McLemore v. Louisiana State Bank - 91 U.S. 27 (1875)
U.S. Supreme Court
McLemore v. Louisiana State Bank, 91 U.S. 27 (1875)
McLemore v. Louisiana State Bank
91 U.S. 27
ERROR TO THE CIRCUIT COURT OF THE UNITED
STATES FOR THE DISTRICT OF LOUISIANA
Where, in time of war, a bank was, notwithstanding the protest of its officers, put in liquidation by order of the commanding general of the United States forces, and its effects transferred to commissioners appointed by him, who, during their administration, sold for less than their face value choses in action held by the bank as collateral security at the time of the transfer, held that as the proceedings of the commanding general and the commissioners
constituted "superior force," which no prudent administrator of the affairs of a corporation could resist, the bank was neither responsible for those proceedings nor for a loss thereby occasioned.
The facts are stated in the opinion of the Court.
MR. JUSTICE DAVIS delivered the opinion of the Court.
It is unnecessary to consider whether in all respects the charge of the circuit court to the jury was correct, because the record shows the case of the plaintiff to be so fatally defective that the judgment below would not be reversed for instructions, however erroneous. Brobst v. Brock, 10 Wall. 519; Decatur Bank v. St. Louis Bank, 21 Wall. 301. The case is this:
The plaintiff was the owner of certain promissory notes and acceptances, in possession of the commercial firm in New Orleans of which he was a member, which were pledged by the firm in 1861 and 1862 to the bank as security for the payment of their promissory notes discounted by the bank. These notes were not met at maturity, and, with the collaterals pledged for their payment, remained in possession of the bank until June 11, 1863, when it was put in liquidation by order of Major General Banks, and its effects transferred to military commissioners appointed to close it up. Its officers, while submitting to this order because they had no power to resist it, deemed it unjust and oppressive, and entered a protest against it on their minutes. During the administration of these commissioners, the pledged paper was sold for less than its face. In January, 1866, the military liquidation ceased by order of Major General Canby, and the effects of the bank which were unadministered were restored to it. The plaintiff, on the ground that the securities were parted with illegally, seeks to make the bank responsible for the proceedings of the commissioners, but this he cannot do. Certainly no act was done or omitted to be done by it inconsistent with its duty, for it was only bound to take that care of the pledge which a careful man bestows on his own property.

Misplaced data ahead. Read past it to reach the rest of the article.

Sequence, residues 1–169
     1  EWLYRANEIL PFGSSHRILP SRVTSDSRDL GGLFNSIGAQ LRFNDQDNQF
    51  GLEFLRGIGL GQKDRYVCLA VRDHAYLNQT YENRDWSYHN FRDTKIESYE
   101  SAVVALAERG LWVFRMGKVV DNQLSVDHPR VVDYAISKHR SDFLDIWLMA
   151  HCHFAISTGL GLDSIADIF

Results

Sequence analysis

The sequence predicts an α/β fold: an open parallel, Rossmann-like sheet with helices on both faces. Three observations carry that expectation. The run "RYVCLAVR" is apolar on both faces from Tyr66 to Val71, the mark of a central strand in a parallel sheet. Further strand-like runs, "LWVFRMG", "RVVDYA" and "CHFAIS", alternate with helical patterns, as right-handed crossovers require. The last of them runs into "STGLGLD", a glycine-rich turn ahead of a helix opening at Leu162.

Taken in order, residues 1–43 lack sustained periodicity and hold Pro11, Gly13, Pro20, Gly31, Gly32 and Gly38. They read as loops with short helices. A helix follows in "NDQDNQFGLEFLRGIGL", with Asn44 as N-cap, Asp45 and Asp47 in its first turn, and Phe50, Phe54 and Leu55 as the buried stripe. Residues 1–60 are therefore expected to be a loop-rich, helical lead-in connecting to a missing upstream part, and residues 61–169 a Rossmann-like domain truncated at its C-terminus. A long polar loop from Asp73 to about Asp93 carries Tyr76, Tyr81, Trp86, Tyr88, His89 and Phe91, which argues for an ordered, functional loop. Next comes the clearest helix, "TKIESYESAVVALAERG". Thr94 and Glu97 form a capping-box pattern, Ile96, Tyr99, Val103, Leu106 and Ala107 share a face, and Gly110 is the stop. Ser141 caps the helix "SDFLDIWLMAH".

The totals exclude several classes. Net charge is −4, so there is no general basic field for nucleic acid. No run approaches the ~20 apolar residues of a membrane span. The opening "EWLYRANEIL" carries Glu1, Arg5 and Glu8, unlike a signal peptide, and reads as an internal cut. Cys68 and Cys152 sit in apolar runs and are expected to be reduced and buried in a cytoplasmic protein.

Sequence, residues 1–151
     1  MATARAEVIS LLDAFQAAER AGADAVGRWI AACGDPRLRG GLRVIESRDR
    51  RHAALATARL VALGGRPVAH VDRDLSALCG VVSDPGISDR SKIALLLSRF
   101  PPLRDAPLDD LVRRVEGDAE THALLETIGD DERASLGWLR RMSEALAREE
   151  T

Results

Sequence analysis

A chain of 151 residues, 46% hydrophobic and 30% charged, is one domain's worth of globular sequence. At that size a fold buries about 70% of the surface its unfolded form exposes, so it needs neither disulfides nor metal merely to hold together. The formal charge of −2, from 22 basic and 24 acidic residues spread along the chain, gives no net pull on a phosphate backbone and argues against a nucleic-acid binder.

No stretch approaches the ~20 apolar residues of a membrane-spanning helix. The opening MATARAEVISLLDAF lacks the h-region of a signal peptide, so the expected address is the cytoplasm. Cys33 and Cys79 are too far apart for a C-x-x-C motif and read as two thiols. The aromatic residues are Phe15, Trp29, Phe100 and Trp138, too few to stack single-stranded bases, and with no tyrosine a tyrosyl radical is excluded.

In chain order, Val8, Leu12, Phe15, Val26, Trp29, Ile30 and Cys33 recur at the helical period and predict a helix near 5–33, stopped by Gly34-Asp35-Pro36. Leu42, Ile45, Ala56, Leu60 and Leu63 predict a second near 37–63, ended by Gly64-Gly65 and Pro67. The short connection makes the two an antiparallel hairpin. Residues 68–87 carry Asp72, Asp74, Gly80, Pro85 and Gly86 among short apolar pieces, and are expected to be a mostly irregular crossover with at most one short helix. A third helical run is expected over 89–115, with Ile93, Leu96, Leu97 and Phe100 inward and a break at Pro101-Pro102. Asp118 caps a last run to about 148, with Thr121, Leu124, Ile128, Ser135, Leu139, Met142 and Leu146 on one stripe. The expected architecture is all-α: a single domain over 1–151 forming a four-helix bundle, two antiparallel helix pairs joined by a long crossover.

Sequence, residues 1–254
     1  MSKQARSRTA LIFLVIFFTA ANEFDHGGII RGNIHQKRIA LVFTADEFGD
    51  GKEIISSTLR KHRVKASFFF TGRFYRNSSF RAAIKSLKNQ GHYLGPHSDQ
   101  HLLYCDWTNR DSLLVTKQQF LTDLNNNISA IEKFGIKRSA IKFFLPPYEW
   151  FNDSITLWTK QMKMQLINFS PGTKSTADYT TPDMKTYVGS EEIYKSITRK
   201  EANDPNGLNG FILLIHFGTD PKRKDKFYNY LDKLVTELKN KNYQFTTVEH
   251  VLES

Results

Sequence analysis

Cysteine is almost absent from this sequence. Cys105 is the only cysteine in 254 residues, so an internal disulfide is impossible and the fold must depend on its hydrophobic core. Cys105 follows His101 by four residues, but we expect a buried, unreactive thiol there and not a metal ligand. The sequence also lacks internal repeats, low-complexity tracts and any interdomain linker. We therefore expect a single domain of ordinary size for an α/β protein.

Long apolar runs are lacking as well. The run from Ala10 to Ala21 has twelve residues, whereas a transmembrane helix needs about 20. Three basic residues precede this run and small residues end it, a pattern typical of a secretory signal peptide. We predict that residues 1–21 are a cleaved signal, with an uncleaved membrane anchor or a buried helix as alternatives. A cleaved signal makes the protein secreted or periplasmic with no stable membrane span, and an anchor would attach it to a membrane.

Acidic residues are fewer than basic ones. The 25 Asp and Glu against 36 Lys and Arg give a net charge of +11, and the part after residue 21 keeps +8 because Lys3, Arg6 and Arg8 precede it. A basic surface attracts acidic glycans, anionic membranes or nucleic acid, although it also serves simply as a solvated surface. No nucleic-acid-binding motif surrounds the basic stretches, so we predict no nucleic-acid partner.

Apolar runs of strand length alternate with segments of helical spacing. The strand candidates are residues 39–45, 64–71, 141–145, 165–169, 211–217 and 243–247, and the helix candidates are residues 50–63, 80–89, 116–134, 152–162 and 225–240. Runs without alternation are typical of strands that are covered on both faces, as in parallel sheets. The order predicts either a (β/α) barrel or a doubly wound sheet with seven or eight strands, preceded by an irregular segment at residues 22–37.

It is true it was the duty of the bank to return the pledge or show a good reason why it could not be returned. This it has done by proof that without any fault on its part, and against its protest, the pledge was taken from it by superior force. Where this is the case, the common as well as the civil law holds that the duty of the pledgee is discharged. 2 Kent 579; Story on Bailments, sec. 339; Commercial Bank v. Martin, 1 Annual 344. That the proceedings of General Banks and the liquidators appointed by him constituted "superior force" which no prudent administrator of the affairs of a corporation could either resist or prevent is too plain for controversy. It was in the midst of war that the order was made, and with an army at hand to enforce it. There was nothing left but submission under protest. Any other course of action under the circumstances, instead of benefiting, would have injured everyone who had dealings with the bank. It has turned out that the plaintiff has suffered injury, but not through the fault of the officers of the bank, for they retained the notes and bills long after the paper for which they were given as security had matured, and until they were dispossessed of them by military force. Under such circumstances, they have discharged every duty which they owed to the plaintiff, and if loss has been occasioned in consequence of the order in question, the bank is not responsible for it.
The judgment is affirmed.